Though your first instinct may be to run from the things that scare you, exposure therapy is one of the best ways to conquer your fears. That may be easy for people who are afraid of heights or the dark, but it's not as simple when you suffer from arachnophobia. A new app aims to change that. As Smithsonian reports, Phobys helps arachnophobes confront their fear without exposing them to a live spider.

The app uses augmented reality to implement exposure therapy tactics in a controlled environment. After downloading Phobys onto their device, users launch the camera. The app generates a digital spider that appears to scurry around the real world. Users can watch the spider on the surface in front of them, or, if they're feeling extra brave, they can make it crawl across their hand.

The app's effectiveness is backed by science. A group of researchers at the University of Basel in Switzerland developed Phobys and tested it on 66 people over the course of two weeks. At the end of the trial, participants were shown a real spider in a transparent box and asked to report their reactions. According to the researchers' study, which was published in the Journal of Anxiety Disorders, the app reportedly "led to reductions in fear, disgust[,] and avoidance behavior at medium effect sizes when tested in a real-life situation."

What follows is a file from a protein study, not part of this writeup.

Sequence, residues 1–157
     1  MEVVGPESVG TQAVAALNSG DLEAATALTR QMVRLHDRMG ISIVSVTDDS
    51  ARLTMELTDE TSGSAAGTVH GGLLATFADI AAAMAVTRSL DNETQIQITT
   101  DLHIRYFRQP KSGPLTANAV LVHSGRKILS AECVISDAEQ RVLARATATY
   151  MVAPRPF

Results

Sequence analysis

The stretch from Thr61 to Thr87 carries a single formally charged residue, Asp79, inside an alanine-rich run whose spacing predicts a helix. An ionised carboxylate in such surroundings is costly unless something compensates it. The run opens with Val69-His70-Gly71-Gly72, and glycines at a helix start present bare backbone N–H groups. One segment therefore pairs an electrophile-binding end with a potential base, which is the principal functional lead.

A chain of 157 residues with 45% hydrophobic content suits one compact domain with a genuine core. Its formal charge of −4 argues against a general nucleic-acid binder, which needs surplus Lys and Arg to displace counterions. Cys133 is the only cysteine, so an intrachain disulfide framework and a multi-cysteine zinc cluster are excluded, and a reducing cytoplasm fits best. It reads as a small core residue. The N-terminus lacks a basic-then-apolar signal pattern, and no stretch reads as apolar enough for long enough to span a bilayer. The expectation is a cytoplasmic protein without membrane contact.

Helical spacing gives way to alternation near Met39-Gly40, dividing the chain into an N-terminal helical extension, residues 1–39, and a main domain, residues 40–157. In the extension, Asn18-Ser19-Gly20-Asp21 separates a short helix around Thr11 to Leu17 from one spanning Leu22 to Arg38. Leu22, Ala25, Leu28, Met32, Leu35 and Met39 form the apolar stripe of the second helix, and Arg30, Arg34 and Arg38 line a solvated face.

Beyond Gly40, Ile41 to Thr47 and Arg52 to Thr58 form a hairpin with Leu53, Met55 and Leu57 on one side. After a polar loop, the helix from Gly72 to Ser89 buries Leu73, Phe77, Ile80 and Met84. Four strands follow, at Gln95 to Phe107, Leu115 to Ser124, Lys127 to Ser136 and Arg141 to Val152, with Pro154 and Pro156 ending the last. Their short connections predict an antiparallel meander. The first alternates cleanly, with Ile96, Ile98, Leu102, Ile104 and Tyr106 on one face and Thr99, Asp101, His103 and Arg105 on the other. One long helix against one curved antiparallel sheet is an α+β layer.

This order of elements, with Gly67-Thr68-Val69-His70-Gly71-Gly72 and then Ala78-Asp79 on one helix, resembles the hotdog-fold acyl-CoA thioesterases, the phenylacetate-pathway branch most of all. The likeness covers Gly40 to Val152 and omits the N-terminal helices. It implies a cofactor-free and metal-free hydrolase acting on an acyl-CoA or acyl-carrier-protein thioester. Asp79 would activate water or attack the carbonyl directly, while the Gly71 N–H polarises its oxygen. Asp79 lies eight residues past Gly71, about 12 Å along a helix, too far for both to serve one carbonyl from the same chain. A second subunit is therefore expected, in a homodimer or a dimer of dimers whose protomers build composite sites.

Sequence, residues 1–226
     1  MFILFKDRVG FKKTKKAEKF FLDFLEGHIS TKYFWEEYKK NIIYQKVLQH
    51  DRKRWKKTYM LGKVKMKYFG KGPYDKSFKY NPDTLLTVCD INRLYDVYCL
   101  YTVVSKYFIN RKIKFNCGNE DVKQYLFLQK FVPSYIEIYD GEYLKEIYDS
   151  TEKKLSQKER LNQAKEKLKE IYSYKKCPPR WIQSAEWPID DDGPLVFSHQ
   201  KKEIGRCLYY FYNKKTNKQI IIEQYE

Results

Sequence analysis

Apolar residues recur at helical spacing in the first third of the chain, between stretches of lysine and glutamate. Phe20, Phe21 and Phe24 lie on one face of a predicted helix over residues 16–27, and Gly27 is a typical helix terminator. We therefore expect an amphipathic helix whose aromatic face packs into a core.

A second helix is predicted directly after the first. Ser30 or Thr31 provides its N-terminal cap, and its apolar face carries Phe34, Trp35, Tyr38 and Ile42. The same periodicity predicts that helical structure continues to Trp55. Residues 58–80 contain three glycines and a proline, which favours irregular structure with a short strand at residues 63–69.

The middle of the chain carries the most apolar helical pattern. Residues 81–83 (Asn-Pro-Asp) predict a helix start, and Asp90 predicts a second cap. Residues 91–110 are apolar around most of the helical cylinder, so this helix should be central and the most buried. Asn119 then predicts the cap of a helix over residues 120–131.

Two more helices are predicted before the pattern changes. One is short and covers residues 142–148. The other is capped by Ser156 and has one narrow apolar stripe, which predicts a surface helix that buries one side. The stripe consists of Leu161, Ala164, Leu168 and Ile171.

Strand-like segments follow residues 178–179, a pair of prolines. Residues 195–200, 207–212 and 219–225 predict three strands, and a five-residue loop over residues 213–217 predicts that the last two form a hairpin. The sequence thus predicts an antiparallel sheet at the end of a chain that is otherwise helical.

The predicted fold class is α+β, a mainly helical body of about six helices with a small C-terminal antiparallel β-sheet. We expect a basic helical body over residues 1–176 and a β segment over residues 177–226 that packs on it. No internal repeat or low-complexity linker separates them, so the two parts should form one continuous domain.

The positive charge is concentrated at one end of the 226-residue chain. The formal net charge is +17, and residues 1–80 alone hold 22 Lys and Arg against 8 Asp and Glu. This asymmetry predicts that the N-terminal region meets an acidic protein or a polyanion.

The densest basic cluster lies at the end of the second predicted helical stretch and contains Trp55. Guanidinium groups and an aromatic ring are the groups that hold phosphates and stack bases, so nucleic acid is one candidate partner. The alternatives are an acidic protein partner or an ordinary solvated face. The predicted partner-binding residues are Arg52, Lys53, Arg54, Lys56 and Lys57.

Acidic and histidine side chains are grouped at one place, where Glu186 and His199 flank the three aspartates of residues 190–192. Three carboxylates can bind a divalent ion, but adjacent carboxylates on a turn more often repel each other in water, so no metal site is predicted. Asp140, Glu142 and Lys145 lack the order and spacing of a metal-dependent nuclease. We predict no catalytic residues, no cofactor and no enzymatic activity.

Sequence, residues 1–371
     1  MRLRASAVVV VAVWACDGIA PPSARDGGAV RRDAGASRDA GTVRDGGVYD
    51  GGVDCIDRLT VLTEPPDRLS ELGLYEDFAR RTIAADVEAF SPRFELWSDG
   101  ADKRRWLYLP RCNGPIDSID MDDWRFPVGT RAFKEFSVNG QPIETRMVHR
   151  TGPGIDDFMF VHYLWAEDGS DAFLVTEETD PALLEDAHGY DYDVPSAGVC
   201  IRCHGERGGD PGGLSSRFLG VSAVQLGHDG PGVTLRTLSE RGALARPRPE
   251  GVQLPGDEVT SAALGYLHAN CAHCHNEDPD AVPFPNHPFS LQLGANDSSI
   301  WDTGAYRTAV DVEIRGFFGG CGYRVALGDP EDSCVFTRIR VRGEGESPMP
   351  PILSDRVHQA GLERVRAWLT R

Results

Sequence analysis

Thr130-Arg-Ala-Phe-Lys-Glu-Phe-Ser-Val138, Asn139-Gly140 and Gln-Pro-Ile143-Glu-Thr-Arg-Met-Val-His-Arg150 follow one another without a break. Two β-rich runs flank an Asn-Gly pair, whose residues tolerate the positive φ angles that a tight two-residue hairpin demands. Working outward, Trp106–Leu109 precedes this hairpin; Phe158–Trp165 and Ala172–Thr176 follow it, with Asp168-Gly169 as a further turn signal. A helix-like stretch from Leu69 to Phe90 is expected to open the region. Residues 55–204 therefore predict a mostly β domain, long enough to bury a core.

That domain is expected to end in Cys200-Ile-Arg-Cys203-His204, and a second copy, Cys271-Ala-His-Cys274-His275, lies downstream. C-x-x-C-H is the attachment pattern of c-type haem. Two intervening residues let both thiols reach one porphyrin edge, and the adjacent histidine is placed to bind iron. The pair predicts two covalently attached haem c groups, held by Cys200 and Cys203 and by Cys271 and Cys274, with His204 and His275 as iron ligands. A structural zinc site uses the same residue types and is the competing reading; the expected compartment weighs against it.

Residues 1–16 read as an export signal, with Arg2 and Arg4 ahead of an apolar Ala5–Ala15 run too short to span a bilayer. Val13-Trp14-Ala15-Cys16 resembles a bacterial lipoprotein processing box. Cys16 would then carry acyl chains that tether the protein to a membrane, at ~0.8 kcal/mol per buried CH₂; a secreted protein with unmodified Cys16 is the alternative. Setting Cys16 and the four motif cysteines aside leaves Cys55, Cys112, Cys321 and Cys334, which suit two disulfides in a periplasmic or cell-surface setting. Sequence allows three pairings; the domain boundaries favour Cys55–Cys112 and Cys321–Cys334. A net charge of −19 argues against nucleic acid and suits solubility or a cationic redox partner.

The scientists now hope their invention will help people outside a trial setting. Anyone can download the app and progress through the 10 levels of therapy it has to offer. Just bear in mind that the tech is intended for “those who suffer from a mild, clinically insignificant fear of spiders who are at least 16 years of age.” So, if the sight of a spider triggers a panic attack instead of a case of the creepy crawlies, Phobys may not be right for you. In that case, you should first consult a specialist about using the app or pursuing other forms of therapy.

Phobys offers a free level for people to test the severity of their phobia, but unlocking higher levels costs $5. You can download it today for iOS or Android.

[h/t Smithsonian]